People still come predominantly for the baos, though we have a developed a more diverse menu. We have a central kitchen capable of testing out new dishes all the time. I’m always helping come up with new dishes while the team is capable of rolling out new programs at any time.
What aspect of Baozi’s cuisine do you think resonates most with Vietnamese taste buds?
If you look at our menu, it’s hard to put our flavor into a single category. We like to say that good food speaks for itself. Vietnamese people are used to eating good food. The only thing that’s changing now is the consumers’ openness to trying new things. If I had to say why we’ve managed to establish a solid brand here, I’d argue it happened because there is no single taste on offer at Baozi. We don’t follow a strict label or flavor composition. It’s just good food.
What about Baozi’s culture and ethos has allowed it to grow so quickly?
Baozi has seen a lot of natural growth. And a lot of that can be attributed to us breaking normal restaurant traditions in the Vietnamese market. We had no concrete concept to start, and we were mostly self-taught cooks and restaurant managers. There’s a transparent, organic feel to our brand and team culture. We like to think that it doesn’t feel manufactured. Our first pop up location on Tran Dinh Xu in Ho Chi Minh City was a humble spot, featuring a two-meter wide kitchen with photocopied menus. From there, we’ve been able to stay in touch with our humble beginnings while providing customers with excellent food.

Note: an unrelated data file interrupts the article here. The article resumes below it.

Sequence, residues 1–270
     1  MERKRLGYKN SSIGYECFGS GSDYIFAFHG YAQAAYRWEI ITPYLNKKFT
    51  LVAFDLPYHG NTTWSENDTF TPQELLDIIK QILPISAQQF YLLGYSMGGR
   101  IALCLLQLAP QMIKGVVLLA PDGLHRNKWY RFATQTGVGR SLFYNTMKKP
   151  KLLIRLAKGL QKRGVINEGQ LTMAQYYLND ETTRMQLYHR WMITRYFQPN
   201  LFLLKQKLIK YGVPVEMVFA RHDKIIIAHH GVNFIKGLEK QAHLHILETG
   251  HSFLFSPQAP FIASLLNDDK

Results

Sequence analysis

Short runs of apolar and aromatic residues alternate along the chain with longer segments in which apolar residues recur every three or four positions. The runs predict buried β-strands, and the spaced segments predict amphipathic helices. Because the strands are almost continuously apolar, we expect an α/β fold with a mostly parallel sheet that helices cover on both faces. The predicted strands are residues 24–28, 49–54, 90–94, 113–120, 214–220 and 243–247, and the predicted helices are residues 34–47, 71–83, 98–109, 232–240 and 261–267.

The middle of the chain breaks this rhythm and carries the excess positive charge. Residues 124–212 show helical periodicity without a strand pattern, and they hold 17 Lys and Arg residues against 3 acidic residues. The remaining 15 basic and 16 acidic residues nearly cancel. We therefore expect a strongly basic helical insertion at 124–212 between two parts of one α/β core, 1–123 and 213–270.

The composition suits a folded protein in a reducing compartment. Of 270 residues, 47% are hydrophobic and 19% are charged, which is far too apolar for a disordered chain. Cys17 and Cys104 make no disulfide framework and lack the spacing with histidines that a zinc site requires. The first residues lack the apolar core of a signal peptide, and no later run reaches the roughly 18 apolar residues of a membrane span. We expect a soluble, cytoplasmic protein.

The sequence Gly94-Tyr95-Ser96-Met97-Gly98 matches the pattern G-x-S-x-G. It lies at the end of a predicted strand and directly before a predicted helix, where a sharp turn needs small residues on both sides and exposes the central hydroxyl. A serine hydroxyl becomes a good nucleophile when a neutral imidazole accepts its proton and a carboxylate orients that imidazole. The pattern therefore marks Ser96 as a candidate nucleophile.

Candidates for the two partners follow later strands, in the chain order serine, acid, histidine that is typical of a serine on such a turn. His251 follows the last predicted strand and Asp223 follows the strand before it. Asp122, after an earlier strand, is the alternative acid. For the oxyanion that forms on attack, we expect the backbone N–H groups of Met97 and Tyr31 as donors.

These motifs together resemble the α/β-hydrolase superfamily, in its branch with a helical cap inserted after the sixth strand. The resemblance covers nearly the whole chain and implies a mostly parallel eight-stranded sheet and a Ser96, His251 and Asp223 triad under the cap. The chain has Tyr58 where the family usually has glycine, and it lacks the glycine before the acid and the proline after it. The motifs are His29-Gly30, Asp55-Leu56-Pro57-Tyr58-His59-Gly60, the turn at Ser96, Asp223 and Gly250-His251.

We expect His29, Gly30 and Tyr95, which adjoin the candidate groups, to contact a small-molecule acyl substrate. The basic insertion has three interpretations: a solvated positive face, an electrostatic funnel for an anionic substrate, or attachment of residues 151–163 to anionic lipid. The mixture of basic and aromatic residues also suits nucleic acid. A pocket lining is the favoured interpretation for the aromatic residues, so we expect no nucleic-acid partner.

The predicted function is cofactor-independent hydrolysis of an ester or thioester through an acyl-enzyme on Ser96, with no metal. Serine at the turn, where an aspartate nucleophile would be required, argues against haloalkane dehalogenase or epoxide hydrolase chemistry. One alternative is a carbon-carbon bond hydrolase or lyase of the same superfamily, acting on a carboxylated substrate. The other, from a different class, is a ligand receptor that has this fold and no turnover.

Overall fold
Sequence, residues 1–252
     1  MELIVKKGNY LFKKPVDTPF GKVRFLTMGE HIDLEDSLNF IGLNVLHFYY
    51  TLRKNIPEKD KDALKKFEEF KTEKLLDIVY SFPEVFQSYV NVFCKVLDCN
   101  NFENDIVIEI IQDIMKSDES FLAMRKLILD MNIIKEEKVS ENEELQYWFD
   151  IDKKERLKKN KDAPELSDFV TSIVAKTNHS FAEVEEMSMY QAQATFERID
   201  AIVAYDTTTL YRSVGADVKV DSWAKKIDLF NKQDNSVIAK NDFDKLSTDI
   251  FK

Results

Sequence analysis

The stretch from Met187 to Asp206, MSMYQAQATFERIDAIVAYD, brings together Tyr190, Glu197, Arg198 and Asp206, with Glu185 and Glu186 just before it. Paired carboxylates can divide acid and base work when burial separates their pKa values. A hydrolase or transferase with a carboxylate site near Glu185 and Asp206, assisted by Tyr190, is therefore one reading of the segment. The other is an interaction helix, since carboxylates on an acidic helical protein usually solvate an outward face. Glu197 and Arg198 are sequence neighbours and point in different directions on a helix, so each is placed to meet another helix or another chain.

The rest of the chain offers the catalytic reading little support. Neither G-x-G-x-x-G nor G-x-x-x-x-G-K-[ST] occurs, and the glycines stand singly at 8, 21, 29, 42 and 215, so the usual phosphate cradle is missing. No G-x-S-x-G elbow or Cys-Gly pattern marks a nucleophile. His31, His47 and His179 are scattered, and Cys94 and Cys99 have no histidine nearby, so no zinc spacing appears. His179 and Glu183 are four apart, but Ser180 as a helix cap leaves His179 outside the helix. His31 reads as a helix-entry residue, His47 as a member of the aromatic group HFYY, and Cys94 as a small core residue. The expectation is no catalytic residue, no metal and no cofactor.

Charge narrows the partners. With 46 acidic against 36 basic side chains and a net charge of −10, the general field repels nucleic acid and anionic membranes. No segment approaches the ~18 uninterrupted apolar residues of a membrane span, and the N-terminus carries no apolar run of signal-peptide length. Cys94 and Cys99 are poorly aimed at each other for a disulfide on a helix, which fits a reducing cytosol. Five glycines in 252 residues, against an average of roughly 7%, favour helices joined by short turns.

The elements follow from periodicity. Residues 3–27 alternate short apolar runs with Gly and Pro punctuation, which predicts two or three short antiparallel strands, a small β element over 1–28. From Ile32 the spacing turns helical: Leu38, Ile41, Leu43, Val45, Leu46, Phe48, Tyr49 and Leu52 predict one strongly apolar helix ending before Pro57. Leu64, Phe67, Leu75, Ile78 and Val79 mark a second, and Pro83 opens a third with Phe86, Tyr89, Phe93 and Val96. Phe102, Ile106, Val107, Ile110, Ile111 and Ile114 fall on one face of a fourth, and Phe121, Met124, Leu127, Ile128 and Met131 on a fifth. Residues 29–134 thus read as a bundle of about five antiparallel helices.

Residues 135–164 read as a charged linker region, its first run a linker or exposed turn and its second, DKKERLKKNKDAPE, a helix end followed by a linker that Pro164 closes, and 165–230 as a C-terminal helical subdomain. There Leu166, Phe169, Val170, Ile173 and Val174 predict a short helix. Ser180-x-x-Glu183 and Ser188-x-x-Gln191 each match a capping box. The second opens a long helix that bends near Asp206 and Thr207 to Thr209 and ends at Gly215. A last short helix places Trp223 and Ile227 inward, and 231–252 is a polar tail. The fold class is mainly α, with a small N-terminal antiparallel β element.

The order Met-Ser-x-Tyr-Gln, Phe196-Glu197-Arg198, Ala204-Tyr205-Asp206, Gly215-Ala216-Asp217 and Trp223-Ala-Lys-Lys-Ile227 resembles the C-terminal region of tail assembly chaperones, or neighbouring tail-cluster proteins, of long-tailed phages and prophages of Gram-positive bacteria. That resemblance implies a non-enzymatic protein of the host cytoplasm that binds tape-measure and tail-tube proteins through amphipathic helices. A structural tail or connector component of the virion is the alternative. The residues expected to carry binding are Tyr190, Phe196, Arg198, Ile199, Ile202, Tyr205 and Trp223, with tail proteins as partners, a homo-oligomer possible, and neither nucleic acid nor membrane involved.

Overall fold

On your website, you mention that Baozi’s mission is to serve delicious, affordable food that guests will want to eat week after week. Has your team achieved this mission?
For the most part, yes. We’re focused on keeping our standards high so we can continue delivering good food to each and every table. We prioritize the quality of our food over anything else, and that’s why we’ve managed to keep good food on the table despite charging a reasonable, competitive price.
What sort of products and businesses would your team expand into next?
Right now, we feel we are capable of expanding more. We’re at a stage where we can build additional locations, leaning on the work ethic of our existing team. We have a lot of young customers who come here looking to have this kind of good fun while participating in an upbeat dining experience. In the future, we hope to capture these bar-like vibes and turn them into their own concept.
What are the top five must-try dishes at Baozi?
We have slightly different menus between the two current locations. But between the two, I would say the top five include: scotch eggs, ramen, teriyaki ribs, pork belly rice, and the carrot cake. The cake is a great way to finish off a meal at Baozi.
And your best-seller?
That would be our Scotch eggs, or “lòng đào” in Vietnamese. This is a traditional English snack. You can find it everywhere in London. From petrol stations to convenience stores, venues always have it on hand. We serve the dish a la carte, with a runny yolk middle. Customers love it.